Paul Krill at InfoWorld:
Microsoft, IBM, and SAP are discontinuing the UDDI Business Registry (UBR) project for Web services on January 12, according to Web-based bulletins from the three companies.
There’s more by following the link, but Universal Description, Discovery and Integration (UDDI) is a XML-based standard for describing, publishing, and finding Web services within a distributed directory structure. The UBR was an attempt to create a public “White Pages” of conforming web services offered by various companies via linked registries at the three partners. It was hoped that public directories would lead to automated web service interactions among enterprises. While the technology was good, the UBR business model was not for a variety of reasons as explained at Microsoft’s All About Interop weblog. Quoting liberally:
Microsoft, along with IBM and SAP, announced they will close down their respective nodes in the public UDDI Business Registry, also known in our AHI as the UBR. [AHI = acronym-happy industry] Microsoft’s UBR is here, IBM’s, etc). The companies published a collective FAQ on the move.
In short, seems to me this is a tragedy of the commons type of story. All of the various implementations of UDDI worked together within the UBR, so interop was clearly demonstrated. (At this point, interop between UDDI registries is a real yawner, but 4 years ago, it was still a concept, a vision. Things change quickly. ) But, there was no quality enforcement or governance on the UBR, because there was no direct funding. Anyone could publish. No one was checking quality or doing garbage collection. So there was lots of, um, low-quality data in the UBR. But, that phenomenon doesn’t mean UDDI itself is low value, or is being discontinued.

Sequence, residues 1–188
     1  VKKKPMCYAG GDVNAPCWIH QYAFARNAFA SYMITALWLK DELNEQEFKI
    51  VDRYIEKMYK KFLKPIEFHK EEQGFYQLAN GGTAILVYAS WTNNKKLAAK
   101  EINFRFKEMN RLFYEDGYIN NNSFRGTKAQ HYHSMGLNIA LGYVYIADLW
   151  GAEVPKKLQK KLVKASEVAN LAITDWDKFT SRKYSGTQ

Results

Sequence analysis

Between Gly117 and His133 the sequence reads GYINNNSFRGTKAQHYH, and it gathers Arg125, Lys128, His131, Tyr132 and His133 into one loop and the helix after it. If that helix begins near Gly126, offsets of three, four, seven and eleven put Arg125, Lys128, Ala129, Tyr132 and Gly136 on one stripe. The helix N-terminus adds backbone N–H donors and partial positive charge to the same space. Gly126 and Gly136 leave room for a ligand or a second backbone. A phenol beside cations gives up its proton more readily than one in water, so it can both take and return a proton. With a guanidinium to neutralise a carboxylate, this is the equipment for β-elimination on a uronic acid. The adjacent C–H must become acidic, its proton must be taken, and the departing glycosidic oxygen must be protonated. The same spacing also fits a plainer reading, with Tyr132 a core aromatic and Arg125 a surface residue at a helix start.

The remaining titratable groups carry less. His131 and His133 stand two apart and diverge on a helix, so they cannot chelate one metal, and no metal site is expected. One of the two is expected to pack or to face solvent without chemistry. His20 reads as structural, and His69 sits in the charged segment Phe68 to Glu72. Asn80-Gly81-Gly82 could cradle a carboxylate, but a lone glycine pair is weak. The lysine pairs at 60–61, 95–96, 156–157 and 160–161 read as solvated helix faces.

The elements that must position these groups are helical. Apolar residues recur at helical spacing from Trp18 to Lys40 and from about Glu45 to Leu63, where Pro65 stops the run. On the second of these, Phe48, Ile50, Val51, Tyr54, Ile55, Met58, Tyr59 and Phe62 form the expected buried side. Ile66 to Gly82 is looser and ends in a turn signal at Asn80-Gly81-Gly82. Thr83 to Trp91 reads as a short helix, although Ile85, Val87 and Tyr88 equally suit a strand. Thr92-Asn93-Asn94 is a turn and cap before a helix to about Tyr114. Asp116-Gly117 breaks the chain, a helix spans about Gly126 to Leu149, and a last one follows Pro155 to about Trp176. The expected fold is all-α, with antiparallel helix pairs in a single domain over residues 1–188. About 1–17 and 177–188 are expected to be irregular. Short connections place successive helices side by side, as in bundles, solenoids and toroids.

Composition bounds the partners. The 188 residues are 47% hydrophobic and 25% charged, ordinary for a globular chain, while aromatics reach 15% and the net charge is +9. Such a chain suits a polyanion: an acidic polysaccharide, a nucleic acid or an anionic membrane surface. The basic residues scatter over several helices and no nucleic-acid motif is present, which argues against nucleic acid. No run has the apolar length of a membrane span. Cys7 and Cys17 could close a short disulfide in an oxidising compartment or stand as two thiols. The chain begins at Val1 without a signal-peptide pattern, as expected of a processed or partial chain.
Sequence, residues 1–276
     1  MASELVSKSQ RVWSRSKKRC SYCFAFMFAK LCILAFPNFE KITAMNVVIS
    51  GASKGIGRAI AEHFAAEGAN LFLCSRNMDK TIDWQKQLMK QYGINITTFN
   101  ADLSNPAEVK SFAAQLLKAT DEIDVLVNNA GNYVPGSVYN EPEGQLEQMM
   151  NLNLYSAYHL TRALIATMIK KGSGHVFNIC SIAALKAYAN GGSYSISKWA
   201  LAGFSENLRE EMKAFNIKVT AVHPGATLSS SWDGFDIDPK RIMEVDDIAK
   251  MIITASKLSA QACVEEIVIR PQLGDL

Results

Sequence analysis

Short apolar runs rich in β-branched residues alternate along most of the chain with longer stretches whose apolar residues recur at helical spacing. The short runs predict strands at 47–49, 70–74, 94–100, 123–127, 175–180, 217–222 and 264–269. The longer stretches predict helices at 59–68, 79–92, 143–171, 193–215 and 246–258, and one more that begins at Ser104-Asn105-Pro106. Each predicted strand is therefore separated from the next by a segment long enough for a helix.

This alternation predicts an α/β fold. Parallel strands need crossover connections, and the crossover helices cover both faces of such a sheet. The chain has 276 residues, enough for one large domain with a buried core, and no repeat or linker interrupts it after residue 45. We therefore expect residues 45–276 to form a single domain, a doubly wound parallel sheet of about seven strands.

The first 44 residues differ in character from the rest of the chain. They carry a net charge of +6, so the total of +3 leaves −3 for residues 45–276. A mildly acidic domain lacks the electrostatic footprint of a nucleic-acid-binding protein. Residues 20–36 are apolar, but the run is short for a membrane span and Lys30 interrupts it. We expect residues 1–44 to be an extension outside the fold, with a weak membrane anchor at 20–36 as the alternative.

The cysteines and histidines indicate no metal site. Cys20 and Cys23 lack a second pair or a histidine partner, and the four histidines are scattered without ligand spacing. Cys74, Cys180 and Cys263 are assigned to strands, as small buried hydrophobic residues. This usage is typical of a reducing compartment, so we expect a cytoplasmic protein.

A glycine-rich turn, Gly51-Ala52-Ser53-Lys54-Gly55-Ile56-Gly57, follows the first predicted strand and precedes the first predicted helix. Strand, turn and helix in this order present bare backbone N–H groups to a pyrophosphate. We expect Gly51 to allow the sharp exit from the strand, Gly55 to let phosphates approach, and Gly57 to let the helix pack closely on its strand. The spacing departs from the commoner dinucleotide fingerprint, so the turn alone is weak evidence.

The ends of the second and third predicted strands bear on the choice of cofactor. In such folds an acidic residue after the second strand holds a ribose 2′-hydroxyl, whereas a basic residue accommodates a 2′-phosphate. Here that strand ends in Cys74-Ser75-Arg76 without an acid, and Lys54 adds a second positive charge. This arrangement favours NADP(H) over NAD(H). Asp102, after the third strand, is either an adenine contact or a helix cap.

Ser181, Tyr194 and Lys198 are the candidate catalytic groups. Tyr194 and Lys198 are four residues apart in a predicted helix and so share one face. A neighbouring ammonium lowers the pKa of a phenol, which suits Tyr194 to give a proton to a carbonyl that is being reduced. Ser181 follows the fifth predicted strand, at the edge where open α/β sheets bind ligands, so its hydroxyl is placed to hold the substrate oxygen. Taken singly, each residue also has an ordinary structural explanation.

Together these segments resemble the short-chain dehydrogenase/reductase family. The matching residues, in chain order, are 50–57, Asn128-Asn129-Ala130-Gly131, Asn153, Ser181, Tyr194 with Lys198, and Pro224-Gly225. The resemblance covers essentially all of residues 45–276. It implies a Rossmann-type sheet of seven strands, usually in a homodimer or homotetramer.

The vendors will continue support of UDDI, the protocol, in products and services.
Companies will continue to use UDDI for internal registries. I expect that there will be public UDDI registries, also, but probably not a “commons” arrangement. Instead third parties will host for-fee service and will guarantee quality of the listings. Just a guess.
There is also a pointer to the CBDI Forum which has a worthwhile commentary including:
As a consequence of the lack of governance over the process of publishing entries to UBR, it was rumoured that 3/4 of the entries were invalid. Consequently most organizations steered clear of a public registry. In fact, very few saw any need for Services to be publicly advertised at all, as usage was either internal, or between close business partners who could be advised of available Services by other mechanisms.
However, that is not to say that the world doesn’t need some form of “public” service registry. Although the federated UBR that replicated entries between the IBM, Microsoft and SAP nodes will close down in January, SAP in fact will continue to host their public node.
But what it needs is governance and management over the contents, not the free for all that UBR is.